On 6 December 1921, the Anglo Irish Treaty was concluded. It provided for the establishment of the Irish Free State which happened on 6 December 1922. The Treaty included provisions by which the British would retain sovereignty over three strategically important ports known as the Treaty ports, one of which being described in the Treaty as:
Dockyard Port at Berehaven
(a) Admiralty property and rights to be retained as at the date hereof. Harbour defences to remain in charge of British care and maintenance parties.
Accordingly, even after the establishment of the Irish Free State, the Royal Navy continued to maintain its presence at the forts and batteries around Castletownbere and on Bere Island (together known as Berehaven). Berehaven remained under British sovereignty until 29 September 1938 when, pursuant to the Anglo-Irish Trade Agreement of 25 April 1938, the territory was seceded to Ireland. The Times reported the handover of port as follows:
LAST BRITISH TROOPS LEAVE EIRE - The last of the British troops stationed at the Southern Irish coast defences left last night for England. British troops under Major Clarke on Thursday officially handed over the fort at Berehaven, 100 miles from Cork City, and yesterday they entrained at Bantry and arrived at Cork during the afternoon. After spending a few hours in the city, they embarked in the motor-vessel Innisfallen for Fishguard, being seen off by large crowds that gathered at the quayside.
The Times' choice of headline was a little misleading in one respect - the British troops at Berehaven were not the last troops to leave the Irish state. The evacuation of Lough Swilly was yet to take place.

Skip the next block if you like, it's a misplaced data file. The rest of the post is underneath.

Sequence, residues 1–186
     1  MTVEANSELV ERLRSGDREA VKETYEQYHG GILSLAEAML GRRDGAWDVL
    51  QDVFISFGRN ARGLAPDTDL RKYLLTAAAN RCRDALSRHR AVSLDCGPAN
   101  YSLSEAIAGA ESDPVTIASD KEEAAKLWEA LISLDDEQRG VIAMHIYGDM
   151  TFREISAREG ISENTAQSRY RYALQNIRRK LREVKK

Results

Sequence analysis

The golf course near the town was part of the Royal Naval base until 1938. The tennis court there used to be where huge oil tanks stood. The sentry boxes still exist at the entrance to the golf course and at a jetty on the golf course. A golf course existed to provide diversion for the sailors of the Royal Navy.
The deep-water harbour was, up to the 19th century, much used by smugglers. Berehaven is the second safest harbour in the world.
Fishing is the chief economic activity in the town but only started up in a major way in the 1950s. Ships from the Soviet Union and the former Soviet Union came to Berehaven to purchase and process fish well into the 1990s. Castletownbere is currently one of the 5 main fishing ports on the island of Ireland. It is the largest fishing port in the country and the 2nd-safest natural harbour in the world. It is also home to the Irish Fisheries training School, under the auspices of BIM.
Places of interest
Three miles east of the town lies Waterfall House. It was the official residence of the Royal Naval commodore of the Western Approaches squadron, anchored in Berehaven. Waterfall House was bought in the late 1960s by the Marshall family from England who built and ran the Waterfall Holiday village which included the Wheel Inn bar. Unfortunately the owner was killed in a plane crash in the Welsh mountains while returning to Ireland in the early 1970s and the holiday village was never fully completed. It was run by his wife Silvia until 1977 when Waterfall House and the holiday village were bought by the Van Etten family - supermarket owners from North Holland in the 1970s. The Van Etten family briefly ran the now defunct Wheel Inn whilst residing in Waterfall House. Another Dutch couple, former owner of the elevator company Mohringer Mr. Fonkert in Haarlem has lived there since 1982. It was then bought by the girlfriend of filmmaker Neil Jordan.